2015 Graduate Institute
Barbara Eckstein (English, CLAS) co-directed the Graduate Institute in 2014 and 2015. Her own engagement work includes co-leading the The People's Weather Map, a digital humanities project. She is also a member of the Oakdale Community [Prison] Choir. In 2014, she co-directed the Obermann Humanities Symposium, Energy Cultures in the Age of the Anthropocene.
Craig Just is an assistant professor in the Department of Civil and Environmental Engineering. In 2006, he created "Design with the Developing World," a service-learning course focused on sustainable international development. In 2007, he co-founded the course "International Perspectives: Xicotepec" as an integrated example of interdisciplinary teaching and scholarship. In 2008, he was awarded the University of Iowa's President and Provost Award for Teaching Excellence for creative utilization of service-learning and for engaged scholarship through teaching. Dr.
Emily Kroska is a second year PhD student in the Clinical Psychology program. She earned her B.A. in Psychology from the University of Kansas, with a minor in Social and Behavioral Sciences Methodology. Her research interests include resilience, social support, and intervention and prevention work. Emily’s current research interests focus on stressful life experiences and cumulative risk factors. Her other passions include working with the Lupus Foundation of America as an advocate for awareness and patient’s rights.
Amanda Ward is a PhD student in the University of Iowa Clinical Psychology program. She earned her B.A. in psychology from Truman State University. Her research interests focus on investigating early symptoms of Alzheimer’s disease. Amanda’s current project involves examining future thinking in neurological disease. Through the Alzheimer’s Association, Amanda has educated the public about neurological disease and the importance of Alzheimer’s disease research. Amanda is committed to informing others about the indicators of neurological disease.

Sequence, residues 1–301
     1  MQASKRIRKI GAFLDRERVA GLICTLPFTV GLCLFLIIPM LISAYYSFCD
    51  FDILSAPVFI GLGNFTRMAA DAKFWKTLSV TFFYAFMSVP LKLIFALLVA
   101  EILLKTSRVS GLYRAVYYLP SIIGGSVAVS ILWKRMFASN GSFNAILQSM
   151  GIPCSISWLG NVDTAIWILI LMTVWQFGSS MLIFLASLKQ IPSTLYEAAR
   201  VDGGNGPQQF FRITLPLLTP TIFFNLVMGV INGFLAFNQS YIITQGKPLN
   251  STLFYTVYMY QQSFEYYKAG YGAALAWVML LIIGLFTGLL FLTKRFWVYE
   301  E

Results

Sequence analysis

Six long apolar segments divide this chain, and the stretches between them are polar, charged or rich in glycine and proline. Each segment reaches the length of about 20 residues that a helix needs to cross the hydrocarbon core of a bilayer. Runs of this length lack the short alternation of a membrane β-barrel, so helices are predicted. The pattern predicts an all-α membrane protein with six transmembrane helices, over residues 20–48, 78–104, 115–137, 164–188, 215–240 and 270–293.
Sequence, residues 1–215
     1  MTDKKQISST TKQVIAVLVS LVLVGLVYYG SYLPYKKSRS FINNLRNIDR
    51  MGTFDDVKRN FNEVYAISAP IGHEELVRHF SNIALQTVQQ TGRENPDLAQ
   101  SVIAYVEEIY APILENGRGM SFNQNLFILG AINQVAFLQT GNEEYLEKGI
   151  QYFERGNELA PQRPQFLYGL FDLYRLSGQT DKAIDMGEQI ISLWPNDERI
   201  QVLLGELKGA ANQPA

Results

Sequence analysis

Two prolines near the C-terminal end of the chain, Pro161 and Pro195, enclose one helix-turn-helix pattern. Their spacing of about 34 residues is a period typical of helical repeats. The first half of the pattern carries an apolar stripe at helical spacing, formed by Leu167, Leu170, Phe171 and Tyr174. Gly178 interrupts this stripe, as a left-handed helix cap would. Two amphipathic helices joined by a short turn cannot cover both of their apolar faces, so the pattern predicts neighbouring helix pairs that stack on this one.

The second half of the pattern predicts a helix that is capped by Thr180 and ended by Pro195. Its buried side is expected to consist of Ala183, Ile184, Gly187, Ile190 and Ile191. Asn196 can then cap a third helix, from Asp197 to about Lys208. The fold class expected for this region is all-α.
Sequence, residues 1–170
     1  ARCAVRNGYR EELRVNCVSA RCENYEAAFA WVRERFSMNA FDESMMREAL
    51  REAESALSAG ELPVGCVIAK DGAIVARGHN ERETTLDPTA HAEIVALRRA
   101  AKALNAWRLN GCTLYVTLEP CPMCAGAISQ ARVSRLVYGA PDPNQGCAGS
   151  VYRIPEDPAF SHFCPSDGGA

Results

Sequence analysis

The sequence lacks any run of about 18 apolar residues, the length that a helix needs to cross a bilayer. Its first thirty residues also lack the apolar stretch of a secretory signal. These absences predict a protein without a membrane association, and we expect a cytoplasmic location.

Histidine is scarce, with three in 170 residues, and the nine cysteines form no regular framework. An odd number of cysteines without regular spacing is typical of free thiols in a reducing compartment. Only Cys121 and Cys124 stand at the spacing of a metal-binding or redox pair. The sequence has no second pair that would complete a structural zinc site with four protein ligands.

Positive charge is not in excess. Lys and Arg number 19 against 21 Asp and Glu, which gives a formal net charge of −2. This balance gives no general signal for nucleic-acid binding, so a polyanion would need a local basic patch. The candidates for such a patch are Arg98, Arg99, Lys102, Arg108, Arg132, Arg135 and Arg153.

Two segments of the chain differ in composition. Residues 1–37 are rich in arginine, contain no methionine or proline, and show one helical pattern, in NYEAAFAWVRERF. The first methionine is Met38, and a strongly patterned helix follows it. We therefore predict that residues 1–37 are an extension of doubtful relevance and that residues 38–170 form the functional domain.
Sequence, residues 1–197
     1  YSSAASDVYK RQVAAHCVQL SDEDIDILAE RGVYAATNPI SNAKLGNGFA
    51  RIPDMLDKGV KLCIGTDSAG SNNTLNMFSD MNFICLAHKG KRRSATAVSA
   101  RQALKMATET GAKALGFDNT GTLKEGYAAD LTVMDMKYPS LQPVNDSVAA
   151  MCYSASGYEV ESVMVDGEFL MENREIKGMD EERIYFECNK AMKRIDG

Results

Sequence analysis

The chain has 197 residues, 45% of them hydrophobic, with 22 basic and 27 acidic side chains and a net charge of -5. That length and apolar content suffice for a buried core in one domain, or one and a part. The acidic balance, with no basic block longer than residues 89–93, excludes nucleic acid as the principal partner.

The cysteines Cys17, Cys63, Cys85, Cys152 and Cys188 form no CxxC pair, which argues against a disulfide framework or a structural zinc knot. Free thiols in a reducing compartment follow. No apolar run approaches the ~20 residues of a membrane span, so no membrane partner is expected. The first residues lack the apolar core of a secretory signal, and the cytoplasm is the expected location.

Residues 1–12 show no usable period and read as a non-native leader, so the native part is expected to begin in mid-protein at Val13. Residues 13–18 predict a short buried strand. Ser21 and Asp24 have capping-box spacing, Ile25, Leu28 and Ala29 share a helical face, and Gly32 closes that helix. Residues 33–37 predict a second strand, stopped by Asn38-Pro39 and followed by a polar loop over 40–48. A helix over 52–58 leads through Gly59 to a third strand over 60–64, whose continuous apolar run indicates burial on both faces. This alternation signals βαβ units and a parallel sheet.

Andrew Nelson is a PhD candidate and Presidential Graduate Fellow in Human Toxicology. He studies radioactivity associated with unconventional drilling of shale gas. Nelson earned his B.A. in Biochemistry from the University of Colorado in 2009, and an M.S. in Environmental Engineering from the Colorado School of Mines in 2010. Much of his work to date focuses on developing methods suitable for monitoring levels of naturally occurring radioactive materials present in wastes generated by unconventional natural gas exploration.
Anna Swanson is a third-year MFA candidate in Film/Video Production in the Cinematic Arts Department, and is also pursuing a Certificate in Gender, Women's and Sexuality Studies, after earning her B.A.
Carla Gonzalez is a Ph.D. student in the College of Education's Educational Leadership and Policy Studies program with an emphasis in Schools, Culture, and Society. She received her BA in Spanish and Theatre Arts from the University of Iowa and her MSEd in Education with TESOL certification from Western Illinois University. She is an experienced K-12 and college-level teacher. She studied in Costa Rica during her undergraduate and graduate programs.
Cathryn Lucas-Carr is a PhD candidate in Health and Sport Studies. She is researching, teaching, and writing about sport and physical activity from an anti-racist, transgender perspective. In her dissertation, she examines the shifting definitions of transsexuality and transgender within the sporting context. She is currently working on a project in which she traces the use of spatialized metaphors in constructing transgender subjectivity.
Cristina E. Muñoz is a PhD candidate in Geography in the Department of Geographical and Sustainability Sciences. Muñoz received her B.A in Environmental Studies and Urban Studies from Bryn Mawr College. She hails from South Central Los Angeles, California, where her family still resides. Muñoz’s passions include environmental and social justice advocacy, community engagement, and collaborating in diverse teams, which are reflected in her res
Heather Draxl is a PhD candidate in Language, Literacy & Culture. Her research focuses on the intersection of public scholarship, civic engagement, first-year composition, and technology. She currently works as an instructional technology consultant at Iowa and teaches composition at Kirkwood Community College. She is also interested in social justice issues related to access to technologies, as well as flipping classrooms and making instructional videos, particularly those that teach language or literacy.
Jessica Pleyel is an MFA candidate in the UI's Intermedia Art Department and a conceptual artist and curator. Her studio practice is multi-faceted, and includes sculpture, costume design, performance, social practice, video, and playwriting. She explores familial relations, intersectional feminism, gender activism, and the performative nature of hunting in her art.